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CDI Energy Servs. v. W. River Pumps, Inc. - 567 F.3d 398 (8th Cir. 2009)

Rule:

The relevant factors to consider when assessing the propriety of preliminary injunctive relief include: (1) the likelihood of success on the merits; (2) the presence or risk of irreparable harm; (3) the balancing of the harms of granting or denying an injunction; and (4) the public's interest. The party seeking injunctive relief bears the burden of proving these factors. 

Facts:

Plaintiff CDI Energy Services, Inc. ("CDI") sold and serviced equipment for use in the oil field industry. Defendants John Martinson, Dale Roller and Kent Heinle ("Employees") worked in CDI's North Dakota field office. CDI filed a lawsuit in federal district court against the Employees and their new company, defendant West River Pumps, Inc. ("West River"), claiming that the Employees stole proprietary information and solicited business from CDI's clients while still employed by CDI. The complaint asserted, among other claims, state-law claims of breach of loyalty, trade-secret misappropriation, and business interference. CDI obtained an initial, ex parte temporary restraining order and then sought preliminary injunctive relief. The district court denied the motion for a preliminary injunction and dissolved the temporary restraining order. CDI appealed.

Issue:

Did the district court err when it denied CDI's motion for a preliminary injunction with respect to its trade-secret claim?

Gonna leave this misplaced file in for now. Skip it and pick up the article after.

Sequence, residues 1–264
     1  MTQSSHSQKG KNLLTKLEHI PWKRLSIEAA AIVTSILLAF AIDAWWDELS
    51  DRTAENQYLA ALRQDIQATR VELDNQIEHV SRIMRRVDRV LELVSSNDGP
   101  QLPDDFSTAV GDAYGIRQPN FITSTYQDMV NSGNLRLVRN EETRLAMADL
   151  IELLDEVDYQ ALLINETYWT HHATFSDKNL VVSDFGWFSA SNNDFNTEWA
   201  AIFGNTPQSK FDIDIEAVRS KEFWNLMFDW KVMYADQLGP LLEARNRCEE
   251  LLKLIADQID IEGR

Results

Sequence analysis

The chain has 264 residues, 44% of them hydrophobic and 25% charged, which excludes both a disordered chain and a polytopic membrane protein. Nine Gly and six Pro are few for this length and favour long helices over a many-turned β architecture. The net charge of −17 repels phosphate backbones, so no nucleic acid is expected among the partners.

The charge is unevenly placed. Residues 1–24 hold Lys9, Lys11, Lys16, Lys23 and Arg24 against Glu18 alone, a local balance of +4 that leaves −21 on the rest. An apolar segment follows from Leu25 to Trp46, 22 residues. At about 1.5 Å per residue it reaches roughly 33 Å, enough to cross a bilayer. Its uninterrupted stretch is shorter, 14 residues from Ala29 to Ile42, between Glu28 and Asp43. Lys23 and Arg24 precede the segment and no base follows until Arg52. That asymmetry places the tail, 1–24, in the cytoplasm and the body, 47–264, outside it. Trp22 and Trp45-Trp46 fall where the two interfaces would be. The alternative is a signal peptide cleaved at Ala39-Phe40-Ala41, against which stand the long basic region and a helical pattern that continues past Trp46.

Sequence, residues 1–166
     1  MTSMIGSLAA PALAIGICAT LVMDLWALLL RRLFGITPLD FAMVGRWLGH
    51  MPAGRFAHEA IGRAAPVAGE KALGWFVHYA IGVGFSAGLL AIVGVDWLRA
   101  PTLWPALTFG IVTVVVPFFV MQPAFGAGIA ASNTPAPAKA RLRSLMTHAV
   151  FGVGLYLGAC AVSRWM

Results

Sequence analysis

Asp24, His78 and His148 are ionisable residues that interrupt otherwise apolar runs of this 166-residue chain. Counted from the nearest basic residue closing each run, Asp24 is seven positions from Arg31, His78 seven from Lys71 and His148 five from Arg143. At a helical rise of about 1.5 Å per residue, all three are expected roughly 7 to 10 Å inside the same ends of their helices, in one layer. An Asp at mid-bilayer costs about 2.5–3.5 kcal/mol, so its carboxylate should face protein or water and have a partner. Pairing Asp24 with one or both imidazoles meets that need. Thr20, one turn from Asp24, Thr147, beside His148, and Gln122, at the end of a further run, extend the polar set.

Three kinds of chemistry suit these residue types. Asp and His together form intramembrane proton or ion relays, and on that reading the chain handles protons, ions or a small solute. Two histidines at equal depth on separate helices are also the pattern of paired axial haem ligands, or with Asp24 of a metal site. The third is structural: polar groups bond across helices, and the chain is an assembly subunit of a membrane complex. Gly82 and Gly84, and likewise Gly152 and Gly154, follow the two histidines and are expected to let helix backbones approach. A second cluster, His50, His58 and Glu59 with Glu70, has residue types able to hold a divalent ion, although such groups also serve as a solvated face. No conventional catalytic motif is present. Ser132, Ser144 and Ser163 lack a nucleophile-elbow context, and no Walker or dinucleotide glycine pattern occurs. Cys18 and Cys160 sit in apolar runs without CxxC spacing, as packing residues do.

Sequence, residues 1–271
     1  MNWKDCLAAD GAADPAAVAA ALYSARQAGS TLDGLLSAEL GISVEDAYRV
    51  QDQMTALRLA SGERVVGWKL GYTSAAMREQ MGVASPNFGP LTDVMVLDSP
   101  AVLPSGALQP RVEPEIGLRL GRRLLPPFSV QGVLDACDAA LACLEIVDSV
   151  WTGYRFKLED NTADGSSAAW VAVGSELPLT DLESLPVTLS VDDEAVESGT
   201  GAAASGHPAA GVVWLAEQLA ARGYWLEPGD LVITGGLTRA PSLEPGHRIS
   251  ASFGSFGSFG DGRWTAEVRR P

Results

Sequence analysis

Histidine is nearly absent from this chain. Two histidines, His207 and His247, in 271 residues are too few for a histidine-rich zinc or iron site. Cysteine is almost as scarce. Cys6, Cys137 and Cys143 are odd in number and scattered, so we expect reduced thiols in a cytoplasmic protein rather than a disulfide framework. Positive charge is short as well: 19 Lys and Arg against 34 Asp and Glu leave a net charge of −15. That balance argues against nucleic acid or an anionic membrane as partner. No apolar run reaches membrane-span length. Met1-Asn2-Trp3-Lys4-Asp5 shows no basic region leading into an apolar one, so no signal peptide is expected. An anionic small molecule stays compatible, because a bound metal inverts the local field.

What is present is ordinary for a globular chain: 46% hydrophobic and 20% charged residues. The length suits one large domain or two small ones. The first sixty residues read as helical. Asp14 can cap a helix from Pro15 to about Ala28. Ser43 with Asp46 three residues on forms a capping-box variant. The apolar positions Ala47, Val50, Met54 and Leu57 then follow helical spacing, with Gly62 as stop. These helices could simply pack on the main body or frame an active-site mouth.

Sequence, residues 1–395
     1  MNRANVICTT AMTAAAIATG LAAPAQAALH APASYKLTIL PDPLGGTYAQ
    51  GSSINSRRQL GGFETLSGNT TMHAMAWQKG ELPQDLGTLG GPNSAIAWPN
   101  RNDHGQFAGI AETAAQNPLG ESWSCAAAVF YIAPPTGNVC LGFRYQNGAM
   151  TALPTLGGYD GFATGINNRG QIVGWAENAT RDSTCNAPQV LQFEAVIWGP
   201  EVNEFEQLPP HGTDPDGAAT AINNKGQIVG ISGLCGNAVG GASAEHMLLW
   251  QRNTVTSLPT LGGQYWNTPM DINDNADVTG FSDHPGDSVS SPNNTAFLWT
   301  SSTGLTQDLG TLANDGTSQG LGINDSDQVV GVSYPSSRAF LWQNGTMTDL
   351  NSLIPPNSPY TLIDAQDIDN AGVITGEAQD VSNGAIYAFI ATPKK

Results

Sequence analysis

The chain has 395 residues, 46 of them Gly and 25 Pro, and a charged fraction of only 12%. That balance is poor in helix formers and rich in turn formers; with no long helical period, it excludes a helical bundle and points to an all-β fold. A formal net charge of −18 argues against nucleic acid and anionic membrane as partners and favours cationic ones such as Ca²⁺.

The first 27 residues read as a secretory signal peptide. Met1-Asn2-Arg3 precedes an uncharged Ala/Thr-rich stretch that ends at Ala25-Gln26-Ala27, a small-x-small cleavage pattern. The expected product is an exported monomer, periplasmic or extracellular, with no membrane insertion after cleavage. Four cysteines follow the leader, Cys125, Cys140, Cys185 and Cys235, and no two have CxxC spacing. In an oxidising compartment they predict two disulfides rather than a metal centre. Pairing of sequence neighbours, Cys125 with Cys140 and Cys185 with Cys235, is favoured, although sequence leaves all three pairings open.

Answer:

No.

Conclusion:

The district court's judgment was affirmed. The court of appeals held that the district court properly found no likelihood of success on the merits of CDI's trade secrets claim, as CDI did not establish that any of the information allegedly stolen by the Employees qualified as a trade secret under N.D. Cent. Code § 47-25.1-01(4), i.e., information that had economic value by virtue of having been kept secret and that could not ascertained by proper means. Additionally, CDI did not establish that it took reasonable steps to protect any purported trade secrets. Although a likelihood of success had been found on the breach of loyalty claim, as § 34-02-14 prohibited solicitation of an employer's customers while working for the employer, the district court properly found that any harm could be addressed through an award of damages. Also, the balance of harms weighed against injunctive relief as an injunction would have put the Employees and West River out of business.

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